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Gyms flex muscle with Minters the music man
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Gyms flex muscle with Minters the music man

Minter Ellison has successfully acted on a Full Federal Court case that makes it cheaper for gyms to play music in its workout classes.Minter Ellison acted for Fitness Australia in an appeal…

Minter Ellison has successfully acted on a Full Federal Court case that makes it cheaper for gyms to play music in its workout classes.

Minter Ellison acted for Fitness Australia in an appeal against a decision by the Copyright Tribunal in May to increase a licence fee for music played in fitness classes from 96.8c to $15.

Fitness Australia is the national health and fitness industry association, representing over 1200 businesses and 20,000 registered exercise professionals.

The fee was collected by the Phonographic Performance Company of Australia (PPCA) on behalf of record labels and artists. The fee applied to any songs protected under copyright.

"To set the levy, the PPCA used a pilot survey of six gyms, without previously telling anybody, and that denied my client procedural fairness," Minter Ellison partner and intellectual property specialist Charles Alexander said.

Gilbert + Tobin acted for the Copyright Tribunal of Australia.

Fitness Australia said that if the $15 levy remained, a typical fitness centre with 1500 members would be forced to pay over $80,000 in fees, as compared to $2000 that they currently pay.

"This decision will ensure that gyms, fitness and recreation centres remain viable and affordable for all Australians, helping them to maintain a healthy lifestyle," Fitness Australia chief executive officer Lauretta Stace said.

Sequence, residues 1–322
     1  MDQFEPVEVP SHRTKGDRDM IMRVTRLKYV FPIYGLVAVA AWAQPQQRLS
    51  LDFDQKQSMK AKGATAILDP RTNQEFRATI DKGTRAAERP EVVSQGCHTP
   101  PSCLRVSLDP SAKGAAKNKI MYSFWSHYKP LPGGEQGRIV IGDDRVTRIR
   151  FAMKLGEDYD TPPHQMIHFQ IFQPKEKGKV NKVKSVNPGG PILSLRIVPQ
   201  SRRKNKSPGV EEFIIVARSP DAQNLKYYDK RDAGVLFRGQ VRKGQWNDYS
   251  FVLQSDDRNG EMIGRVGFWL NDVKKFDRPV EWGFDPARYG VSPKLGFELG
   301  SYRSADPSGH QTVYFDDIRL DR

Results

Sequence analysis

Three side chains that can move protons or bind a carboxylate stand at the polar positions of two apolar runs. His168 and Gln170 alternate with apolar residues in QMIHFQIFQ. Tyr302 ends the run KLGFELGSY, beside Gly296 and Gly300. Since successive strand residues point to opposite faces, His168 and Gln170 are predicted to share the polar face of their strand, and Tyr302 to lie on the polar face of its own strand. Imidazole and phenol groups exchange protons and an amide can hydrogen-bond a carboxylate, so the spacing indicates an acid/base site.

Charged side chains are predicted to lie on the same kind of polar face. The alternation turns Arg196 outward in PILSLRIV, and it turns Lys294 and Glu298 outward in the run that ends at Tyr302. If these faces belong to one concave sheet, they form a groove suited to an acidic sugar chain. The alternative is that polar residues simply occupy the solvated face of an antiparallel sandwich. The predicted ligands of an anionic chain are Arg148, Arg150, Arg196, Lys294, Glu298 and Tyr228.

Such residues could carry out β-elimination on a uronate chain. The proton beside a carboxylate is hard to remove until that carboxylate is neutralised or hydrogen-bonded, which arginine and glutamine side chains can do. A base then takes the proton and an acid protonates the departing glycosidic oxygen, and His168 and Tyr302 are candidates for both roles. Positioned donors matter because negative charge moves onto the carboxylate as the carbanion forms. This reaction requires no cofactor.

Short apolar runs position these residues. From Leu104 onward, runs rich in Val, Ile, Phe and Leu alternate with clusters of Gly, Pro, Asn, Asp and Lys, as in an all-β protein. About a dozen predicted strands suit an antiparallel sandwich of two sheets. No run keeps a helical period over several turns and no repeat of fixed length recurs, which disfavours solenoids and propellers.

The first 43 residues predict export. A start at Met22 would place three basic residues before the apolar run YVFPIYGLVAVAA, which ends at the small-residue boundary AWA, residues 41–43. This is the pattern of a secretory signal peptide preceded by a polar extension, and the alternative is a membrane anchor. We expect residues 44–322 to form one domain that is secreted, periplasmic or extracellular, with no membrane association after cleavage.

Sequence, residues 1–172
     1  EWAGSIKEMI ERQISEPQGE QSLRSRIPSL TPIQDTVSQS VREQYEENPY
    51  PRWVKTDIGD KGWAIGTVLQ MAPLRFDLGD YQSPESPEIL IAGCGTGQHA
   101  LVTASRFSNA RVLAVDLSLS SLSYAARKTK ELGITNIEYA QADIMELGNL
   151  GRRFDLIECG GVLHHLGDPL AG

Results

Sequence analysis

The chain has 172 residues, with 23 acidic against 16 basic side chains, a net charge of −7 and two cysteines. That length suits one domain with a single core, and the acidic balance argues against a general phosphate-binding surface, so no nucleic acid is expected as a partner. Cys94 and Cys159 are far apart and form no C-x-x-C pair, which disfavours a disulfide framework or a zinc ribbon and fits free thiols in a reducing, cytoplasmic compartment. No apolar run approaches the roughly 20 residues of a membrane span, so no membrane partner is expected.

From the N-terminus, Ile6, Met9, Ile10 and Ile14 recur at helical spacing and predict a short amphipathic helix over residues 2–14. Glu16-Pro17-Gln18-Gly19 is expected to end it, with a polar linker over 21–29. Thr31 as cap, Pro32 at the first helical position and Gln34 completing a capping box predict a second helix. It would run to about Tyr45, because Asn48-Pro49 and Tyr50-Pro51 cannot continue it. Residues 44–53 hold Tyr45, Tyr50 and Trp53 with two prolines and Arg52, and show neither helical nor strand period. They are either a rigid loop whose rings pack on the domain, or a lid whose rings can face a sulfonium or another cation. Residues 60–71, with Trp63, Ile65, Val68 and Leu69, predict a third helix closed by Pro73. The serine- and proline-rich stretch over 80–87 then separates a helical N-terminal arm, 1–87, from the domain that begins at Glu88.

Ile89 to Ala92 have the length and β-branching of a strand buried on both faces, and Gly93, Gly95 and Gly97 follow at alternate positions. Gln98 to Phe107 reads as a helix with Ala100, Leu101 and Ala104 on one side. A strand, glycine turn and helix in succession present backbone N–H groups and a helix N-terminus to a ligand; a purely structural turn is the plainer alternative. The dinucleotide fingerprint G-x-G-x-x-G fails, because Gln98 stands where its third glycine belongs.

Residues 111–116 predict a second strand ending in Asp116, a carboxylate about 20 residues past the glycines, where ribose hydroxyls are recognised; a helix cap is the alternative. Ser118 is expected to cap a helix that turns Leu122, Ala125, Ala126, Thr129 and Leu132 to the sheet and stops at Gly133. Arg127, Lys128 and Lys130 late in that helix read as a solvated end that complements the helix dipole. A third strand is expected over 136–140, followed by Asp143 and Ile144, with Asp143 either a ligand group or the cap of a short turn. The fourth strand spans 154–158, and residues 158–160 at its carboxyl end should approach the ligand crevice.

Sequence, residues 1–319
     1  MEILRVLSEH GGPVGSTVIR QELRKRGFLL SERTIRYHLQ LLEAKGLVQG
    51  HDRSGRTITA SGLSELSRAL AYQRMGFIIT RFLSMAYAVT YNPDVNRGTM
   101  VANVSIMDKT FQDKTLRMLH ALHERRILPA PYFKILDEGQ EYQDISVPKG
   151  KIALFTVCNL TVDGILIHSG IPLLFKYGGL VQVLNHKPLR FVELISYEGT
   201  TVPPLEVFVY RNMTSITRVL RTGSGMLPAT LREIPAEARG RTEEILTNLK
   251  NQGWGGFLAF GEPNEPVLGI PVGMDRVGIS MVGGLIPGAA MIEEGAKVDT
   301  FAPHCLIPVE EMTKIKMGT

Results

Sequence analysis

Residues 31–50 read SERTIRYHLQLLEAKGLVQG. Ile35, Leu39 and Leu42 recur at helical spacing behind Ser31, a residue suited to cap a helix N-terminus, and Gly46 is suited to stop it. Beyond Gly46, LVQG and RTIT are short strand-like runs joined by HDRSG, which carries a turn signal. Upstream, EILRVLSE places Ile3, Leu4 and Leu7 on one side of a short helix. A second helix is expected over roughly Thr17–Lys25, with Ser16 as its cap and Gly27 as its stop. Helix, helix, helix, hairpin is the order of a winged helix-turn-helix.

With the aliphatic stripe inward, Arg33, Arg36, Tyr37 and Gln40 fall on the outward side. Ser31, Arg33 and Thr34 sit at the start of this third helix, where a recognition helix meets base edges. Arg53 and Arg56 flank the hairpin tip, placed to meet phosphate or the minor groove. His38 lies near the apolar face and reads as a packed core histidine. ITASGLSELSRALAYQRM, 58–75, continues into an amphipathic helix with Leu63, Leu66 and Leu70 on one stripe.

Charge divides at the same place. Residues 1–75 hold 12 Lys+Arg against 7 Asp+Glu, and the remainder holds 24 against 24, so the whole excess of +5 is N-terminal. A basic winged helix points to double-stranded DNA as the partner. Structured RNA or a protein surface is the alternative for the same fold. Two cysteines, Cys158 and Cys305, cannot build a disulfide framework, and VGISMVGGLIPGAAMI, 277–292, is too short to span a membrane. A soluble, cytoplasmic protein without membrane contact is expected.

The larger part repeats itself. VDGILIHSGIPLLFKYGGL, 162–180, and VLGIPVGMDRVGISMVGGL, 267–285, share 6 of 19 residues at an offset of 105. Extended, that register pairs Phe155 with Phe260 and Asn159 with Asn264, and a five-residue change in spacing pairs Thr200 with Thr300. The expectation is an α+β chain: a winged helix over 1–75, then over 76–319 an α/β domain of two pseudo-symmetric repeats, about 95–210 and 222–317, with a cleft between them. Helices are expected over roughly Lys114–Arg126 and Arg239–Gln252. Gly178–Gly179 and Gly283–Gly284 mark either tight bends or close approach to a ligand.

While the Full Federal Court's decision was welcomed by gym owners, the music industry has condemned the ruling.

The PPCA has said that the "billion dollar a year fitness industry should pay a fairer price for licensed music used in fitness classes".

"Artists and labels deserve a fair return when their music is used as a resource in commercial businesses and are currently being significantly underpaid by the fitness industry," PPCA chief executive Dan Rosen said.

When the licence fee was increased in May, Lindy Morrison, the former drummer of one of Australia's greatest bands, the Go-Betweens, said that "we have to create the product [songs] and it costs us a great deal of money so we should be able to get a fair return".

The licence fee will now be redetermined by the Copyright Tribunal in early 2011.

Troy Gurnett, a senior associate at Middletons who has acted for APRA previously, said that while the decision of the court was a win for the fitness industry, it may well be short lived.

"There is little doubt that whatever the new rate is, it will be higher than 96.4 cents per class," he said. "Whether the rate is as high as $15 per classs now seems unlikely."

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